What are some of the factors that contribute to your level of privilege or lack thereof, and what role has intersectionality played?

Social justice and equality

The Social Justice & Equality page has info and resources on a wide variety of social issues.

28 thoughts on “Intersectionality and What it Means for Mental Health”

  1. I am privileged as a white heterosexual “normal” looking woman. But I also now, approaching age 60, have limited finances. So, even with my good insurance, there isn’t much I can do besides keeping on and working two jobs, living in an area I don’t really like, and never being able to really take a chunk of time off (like at least a month) to just chill the eff out away from everything, which I feel would be very beneficial for me. Oh well, could be worse…

  2. When I was released from the hospital in 2015, and had to go into a shelter, I was treated like an animal by the staff that ran the shelter.
    It wasn’t bad enough my dignity was stripped, but everything about me was affected by that horendous experience.
    The constant belittling and cursing, was just a tip of the iceberg in that horrible place.
    I kept to myself a majority of the time and just kept striving to better myself and situation by going to the mental health facility. It was a long 2 & 1/2 years, but it’s done and over with. Thank God!

  3. I’m privileged my mom can afford the medical attention I’m receiving for my mental illness. I’m black and besides the lack of privilege in the black community to proper mental health care, lack of knowledge contributes much. They believe when you have a mental illness you don’t get better. They usually mentally write you off.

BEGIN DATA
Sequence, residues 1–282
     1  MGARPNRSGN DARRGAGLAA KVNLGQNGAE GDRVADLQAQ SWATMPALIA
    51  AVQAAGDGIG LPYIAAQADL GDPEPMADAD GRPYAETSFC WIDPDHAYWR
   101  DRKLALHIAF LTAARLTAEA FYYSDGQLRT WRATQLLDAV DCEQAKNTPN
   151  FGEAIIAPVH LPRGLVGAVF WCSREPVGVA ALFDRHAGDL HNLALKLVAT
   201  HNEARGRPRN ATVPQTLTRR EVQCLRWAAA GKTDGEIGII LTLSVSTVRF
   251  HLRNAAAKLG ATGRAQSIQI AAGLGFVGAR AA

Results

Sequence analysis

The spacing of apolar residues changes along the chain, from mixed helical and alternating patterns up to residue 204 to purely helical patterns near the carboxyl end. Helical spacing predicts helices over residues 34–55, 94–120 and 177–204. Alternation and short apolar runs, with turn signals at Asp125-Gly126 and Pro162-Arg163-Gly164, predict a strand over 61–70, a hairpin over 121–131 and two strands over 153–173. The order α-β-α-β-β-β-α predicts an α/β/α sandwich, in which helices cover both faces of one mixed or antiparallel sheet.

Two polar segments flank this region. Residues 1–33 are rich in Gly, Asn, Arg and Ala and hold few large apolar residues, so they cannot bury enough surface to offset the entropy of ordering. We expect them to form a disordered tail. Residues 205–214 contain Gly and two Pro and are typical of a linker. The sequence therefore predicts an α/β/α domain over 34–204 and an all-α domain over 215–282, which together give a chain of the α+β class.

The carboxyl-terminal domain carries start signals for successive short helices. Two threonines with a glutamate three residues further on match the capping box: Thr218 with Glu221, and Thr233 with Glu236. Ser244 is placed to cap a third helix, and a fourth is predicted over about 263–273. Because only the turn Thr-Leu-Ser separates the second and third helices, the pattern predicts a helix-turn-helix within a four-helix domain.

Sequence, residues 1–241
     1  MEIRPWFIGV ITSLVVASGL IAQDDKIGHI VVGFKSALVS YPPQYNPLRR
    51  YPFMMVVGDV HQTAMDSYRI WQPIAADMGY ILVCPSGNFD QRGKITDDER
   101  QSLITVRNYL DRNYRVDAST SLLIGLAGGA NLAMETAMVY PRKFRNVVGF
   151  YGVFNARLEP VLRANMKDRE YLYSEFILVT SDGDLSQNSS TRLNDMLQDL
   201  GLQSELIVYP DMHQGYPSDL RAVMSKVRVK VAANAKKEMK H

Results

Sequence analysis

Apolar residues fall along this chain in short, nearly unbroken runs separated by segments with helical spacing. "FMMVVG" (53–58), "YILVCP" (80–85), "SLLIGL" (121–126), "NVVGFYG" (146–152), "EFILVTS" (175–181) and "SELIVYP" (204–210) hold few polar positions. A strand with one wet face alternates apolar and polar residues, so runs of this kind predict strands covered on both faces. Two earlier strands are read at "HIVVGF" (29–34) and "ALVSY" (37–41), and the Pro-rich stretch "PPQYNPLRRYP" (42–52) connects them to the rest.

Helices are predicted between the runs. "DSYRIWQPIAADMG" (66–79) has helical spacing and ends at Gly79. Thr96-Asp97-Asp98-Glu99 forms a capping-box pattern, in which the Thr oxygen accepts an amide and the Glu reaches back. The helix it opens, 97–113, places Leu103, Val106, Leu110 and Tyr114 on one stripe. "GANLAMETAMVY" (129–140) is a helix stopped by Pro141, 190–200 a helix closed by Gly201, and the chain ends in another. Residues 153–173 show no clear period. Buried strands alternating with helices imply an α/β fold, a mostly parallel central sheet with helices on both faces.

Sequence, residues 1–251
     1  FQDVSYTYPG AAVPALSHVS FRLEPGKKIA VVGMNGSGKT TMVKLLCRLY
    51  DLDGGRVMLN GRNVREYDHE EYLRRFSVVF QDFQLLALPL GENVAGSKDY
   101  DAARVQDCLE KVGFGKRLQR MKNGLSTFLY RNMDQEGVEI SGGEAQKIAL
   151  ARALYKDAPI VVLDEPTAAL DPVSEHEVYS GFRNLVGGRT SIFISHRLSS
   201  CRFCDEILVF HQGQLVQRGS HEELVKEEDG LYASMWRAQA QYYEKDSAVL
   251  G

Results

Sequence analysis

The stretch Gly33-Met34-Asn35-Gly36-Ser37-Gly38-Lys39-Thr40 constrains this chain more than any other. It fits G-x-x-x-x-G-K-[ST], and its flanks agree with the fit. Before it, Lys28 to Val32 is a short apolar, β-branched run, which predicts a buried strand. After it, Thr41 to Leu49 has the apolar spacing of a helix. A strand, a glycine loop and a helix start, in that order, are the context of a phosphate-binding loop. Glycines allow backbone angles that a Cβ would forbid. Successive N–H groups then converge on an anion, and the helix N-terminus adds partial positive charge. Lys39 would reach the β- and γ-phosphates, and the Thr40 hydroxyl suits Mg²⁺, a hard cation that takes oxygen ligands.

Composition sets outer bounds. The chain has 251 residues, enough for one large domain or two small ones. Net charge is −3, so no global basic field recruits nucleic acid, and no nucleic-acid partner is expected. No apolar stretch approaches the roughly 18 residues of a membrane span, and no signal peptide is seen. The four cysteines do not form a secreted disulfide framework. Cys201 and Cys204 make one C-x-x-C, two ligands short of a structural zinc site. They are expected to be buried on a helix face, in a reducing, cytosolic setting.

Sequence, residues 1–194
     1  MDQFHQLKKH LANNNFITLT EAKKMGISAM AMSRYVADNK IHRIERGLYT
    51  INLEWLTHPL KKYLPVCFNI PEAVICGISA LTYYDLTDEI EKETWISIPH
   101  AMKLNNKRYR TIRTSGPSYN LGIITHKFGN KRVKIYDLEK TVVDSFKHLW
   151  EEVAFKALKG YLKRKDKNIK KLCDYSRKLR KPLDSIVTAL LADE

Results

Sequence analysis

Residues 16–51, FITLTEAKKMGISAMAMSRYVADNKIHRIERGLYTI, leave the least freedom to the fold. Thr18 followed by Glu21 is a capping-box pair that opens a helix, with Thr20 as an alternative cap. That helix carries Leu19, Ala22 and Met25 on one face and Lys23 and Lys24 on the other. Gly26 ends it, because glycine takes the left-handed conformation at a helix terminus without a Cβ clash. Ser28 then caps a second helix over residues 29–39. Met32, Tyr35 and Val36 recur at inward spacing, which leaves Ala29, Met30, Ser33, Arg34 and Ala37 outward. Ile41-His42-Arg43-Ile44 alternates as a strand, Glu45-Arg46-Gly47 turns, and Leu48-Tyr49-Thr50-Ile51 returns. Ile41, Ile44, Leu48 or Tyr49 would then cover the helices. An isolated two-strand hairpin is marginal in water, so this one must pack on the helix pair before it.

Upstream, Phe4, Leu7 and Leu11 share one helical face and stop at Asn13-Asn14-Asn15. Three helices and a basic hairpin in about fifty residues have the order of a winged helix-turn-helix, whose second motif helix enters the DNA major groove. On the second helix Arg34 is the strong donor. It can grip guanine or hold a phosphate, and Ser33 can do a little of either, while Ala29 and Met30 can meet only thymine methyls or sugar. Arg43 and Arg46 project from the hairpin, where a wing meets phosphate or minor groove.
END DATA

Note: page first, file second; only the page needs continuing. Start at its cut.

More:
4. II’m a transgender woman with an intersecitonality score about as low as it gets., along with being on the autism spectrum. Getting help has been very difficult, as has fitting in and making friends. I live in fear of harassment and discrimination in all walks of life. I can’t work and can’t even find a job as it’s unlikely that anyone will hire me, despite anti-discrimination laws. When I have sought help, I’ve often found that mental health and medical professionals will blame my transition for a lot of my ‘issues’, but that isn’t the case.

    1. That’s really shitty. Yeah, anti-discrimination laws may sound all well and good, but in practice they don’t protect the people that need them the most.

      1. They’re still necessary,, but they really don’t mean a whole lot in practical terms, because discrimination is often very difficult to prove.

  5. I’m about as privileged as privileged comes, being white and male and having many friends and family who are supportive when I have struggled with intrusive thoughts. I consistently need to remind myself that not everyone has the sort of privilege I do.

  6. As a white female, I have had privilege in the help I got. My parents used to take me to the county mental health center for help and meds when I was younger. I have access to therapists if I need it. I feel lucky with the health care I have access to through my job.

  7. This is SUCH a great article, and an important reminder for me to check my privilege. I must constantly remind myself that, as a white cis-gendered woman with health insurance and financial stability, I do have many privileges (and access to resources) that marginalized people don’t.

  8. Public psychotherapy tends to be gated behind long waiting lists, as well as being of significantly poorer quality than private, in my experience.

    Also I’m LGBTQ and… heavy sigh… the mental health advocates in my country really don’t care about us.

Leave a Reply